Test Drive: Pro Tools 10 - Bit in the butt by a Lion

WHAT’S IN A NAME?

There are several improvements in the Pro Tools 10 software that have made me Very Happy, and I suspect others will be Happy as well. One of the more significant of these is Clip Gain, which unfortunately requires a short introductory explanation of some changes in PT 10 that definitely make me Not Happy.

In Pro Tools Land, audio files were either whole files or regions, where regions were the independent, edited portions of a whole file. Avid has changed the nomenclature with Pro Tools 10, and regions are now called clips. No doubt this is a sop to the handful of video editors using the company’s Media Composer video editing software, but it’s a pain for PT audio users. It means there’s now a Clip List on the right of the Edit window, and the Regions menu is now the Clips menu. Other label changes I dislike include Time Code being changed to Timecode; the Edit Selection Start and End Markers are now In and Out Points; and Process (found in the window of non-real-time AudioSuite plug-ins) is now Render. Adding insult to injury, Avid have finally purged the last vestiges of “Digidesign” from the product, leaving us with a utility called the Avid DigiTest. Bleah.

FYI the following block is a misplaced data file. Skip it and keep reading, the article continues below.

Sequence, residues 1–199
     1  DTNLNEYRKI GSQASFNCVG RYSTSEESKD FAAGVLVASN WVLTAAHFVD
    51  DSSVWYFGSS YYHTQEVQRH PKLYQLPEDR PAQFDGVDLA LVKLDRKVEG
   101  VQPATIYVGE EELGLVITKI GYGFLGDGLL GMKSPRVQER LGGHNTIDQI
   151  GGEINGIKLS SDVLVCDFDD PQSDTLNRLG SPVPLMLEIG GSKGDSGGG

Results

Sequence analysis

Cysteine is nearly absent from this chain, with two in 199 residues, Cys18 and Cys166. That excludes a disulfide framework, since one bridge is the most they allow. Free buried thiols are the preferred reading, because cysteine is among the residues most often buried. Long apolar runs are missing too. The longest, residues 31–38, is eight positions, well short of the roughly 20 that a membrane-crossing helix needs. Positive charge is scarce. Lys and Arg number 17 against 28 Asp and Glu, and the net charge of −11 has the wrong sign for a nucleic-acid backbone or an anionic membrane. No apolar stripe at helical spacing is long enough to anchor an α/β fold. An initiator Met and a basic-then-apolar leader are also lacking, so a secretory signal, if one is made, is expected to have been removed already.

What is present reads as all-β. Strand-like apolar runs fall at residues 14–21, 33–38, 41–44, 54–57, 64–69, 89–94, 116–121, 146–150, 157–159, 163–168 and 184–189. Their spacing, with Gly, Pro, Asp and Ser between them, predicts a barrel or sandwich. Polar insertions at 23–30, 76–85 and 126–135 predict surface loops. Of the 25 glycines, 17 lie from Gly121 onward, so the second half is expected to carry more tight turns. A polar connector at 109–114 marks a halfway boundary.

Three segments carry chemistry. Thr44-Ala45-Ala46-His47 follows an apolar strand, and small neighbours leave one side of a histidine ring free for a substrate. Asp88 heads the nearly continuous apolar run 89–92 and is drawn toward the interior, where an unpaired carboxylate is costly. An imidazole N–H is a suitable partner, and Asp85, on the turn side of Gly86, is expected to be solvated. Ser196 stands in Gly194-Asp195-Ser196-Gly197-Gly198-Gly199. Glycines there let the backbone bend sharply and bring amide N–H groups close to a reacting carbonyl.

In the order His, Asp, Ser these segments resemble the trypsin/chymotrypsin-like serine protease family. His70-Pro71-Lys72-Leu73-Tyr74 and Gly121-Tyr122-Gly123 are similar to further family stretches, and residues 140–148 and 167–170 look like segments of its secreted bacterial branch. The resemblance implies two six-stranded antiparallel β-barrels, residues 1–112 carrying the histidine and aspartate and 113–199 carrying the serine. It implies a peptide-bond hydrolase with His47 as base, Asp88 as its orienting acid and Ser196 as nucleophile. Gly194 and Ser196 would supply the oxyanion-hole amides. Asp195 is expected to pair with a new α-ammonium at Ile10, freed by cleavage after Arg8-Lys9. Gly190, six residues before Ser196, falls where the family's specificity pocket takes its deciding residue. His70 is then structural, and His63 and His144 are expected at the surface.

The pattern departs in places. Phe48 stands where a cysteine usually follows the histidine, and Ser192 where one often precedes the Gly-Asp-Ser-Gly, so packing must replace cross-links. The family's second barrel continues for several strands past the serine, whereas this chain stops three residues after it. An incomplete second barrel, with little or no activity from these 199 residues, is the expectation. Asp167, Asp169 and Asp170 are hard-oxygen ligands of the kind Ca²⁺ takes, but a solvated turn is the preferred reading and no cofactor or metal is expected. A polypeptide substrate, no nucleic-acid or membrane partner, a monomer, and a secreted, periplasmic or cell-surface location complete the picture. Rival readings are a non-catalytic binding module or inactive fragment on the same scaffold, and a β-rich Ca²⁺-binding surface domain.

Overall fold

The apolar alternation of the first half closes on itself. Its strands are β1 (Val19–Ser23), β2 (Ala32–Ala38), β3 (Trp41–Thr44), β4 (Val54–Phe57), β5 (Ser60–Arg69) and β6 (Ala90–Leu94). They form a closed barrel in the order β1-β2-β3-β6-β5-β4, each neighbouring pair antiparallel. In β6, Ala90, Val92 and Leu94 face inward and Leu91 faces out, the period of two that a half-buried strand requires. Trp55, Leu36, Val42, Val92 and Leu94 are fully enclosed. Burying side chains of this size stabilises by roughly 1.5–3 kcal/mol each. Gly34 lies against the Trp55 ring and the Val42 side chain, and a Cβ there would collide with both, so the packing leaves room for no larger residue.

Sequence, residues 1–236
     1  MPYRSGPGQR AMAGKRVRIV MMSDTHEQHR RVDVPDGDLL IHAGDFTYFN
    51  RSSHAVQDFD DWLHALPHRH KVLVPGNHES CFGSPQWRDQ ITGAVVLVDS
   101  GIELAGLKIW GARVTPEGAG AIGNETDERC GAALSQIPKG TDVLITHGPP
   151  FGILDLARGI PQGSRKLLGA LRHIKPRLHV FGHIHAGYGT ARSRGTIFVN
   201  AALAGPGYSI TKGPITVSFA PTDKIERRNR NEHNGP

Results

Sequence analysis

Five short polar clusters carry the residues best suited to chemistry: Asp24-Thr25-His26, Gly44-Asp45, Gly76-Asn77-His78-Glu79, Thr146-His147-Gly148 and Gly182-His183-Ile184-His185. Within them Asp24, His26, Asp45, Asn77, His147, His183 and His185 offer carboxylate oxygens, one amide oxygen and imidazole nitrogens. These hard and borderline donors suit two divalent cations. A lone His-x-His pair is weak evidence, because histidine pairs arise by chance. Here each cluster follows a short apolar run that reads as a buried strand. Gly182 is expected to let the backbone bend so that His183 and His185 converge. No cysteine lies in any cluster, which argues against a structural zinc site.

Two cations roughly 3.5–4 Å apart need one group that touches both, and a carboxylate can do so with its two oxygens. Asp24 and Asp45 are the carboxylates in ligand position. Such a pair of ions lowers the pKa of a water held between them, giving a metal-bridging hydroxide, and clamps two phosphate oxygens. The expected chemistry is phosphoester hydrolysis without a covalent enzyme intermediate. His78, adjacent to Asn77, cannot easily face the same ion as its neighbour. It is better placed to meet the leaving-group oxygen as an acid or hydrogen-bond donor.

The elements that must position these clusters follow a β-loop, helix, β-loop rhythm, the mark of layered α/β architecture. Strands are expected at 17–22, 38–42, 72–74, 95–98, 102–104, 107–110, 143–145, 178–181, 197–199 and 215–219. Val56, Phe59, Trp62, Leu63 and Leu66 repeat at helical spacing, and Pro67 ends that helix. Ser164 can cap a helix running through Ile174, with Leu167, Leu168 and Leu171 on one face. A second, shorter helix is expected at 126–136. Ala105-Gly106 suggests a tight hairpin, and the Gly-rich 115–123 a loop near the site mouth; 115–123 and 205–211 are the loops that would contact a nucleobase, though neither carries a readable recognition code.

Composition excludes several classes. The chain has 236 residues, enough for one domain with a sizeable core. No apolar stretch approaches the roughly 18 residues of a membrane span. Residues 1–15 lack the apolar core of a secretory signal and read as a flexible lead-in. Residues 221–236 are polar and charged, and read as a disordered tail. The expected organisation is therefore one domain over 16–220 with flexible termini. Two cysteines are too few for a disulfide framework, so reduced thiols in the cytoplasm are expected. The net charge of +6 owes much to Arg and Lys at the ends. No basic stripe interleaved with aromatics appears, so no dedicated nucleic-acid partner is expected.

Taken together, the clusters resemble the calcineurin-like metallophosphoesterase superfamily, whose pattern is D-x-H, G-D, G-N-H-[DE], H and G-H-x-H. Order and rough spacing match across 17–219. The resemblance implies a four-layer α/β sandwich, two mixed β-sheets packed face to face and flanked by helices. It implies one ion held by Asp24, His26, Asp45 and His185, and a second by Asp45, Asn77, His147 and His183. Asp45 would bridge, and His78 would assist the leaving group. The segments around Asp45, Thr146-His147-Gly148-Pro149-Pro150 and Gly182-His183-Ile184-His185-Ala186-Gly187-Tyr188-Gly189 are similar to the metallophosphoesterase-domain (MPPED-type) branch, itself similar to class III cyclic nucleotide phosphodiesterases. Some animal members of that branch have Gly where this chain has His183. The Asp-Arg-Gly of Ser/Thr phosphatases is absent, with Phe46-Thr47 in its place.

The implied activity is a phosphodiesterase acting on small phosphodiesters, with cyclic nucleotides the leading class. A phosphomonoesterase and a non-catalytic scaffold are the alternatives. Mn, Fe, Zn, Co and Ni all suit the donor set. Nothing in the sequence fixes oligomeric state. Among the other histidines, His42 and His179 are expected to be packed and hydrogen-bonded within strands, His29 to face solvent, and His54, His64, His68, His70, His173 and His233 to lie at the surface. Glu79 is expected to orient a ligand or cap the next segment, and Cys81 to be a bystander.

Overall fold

Having got that off my chest, Clip Gain is very cool, very flexible, and long overdue. You can now change the gain of individual clips without using automation or creating a new whole file using the AudioSuite Gain plug-in. The Clip Gain Info is visible; you click a fader icon in the lower left corner of the clip to adjust the gain. A numeric label appears next to the icon to help you see the adjustment you’ve made in decibels. Right-clicking the icon allows you to clear or bypass the clip gain, or even render it to a new audio file.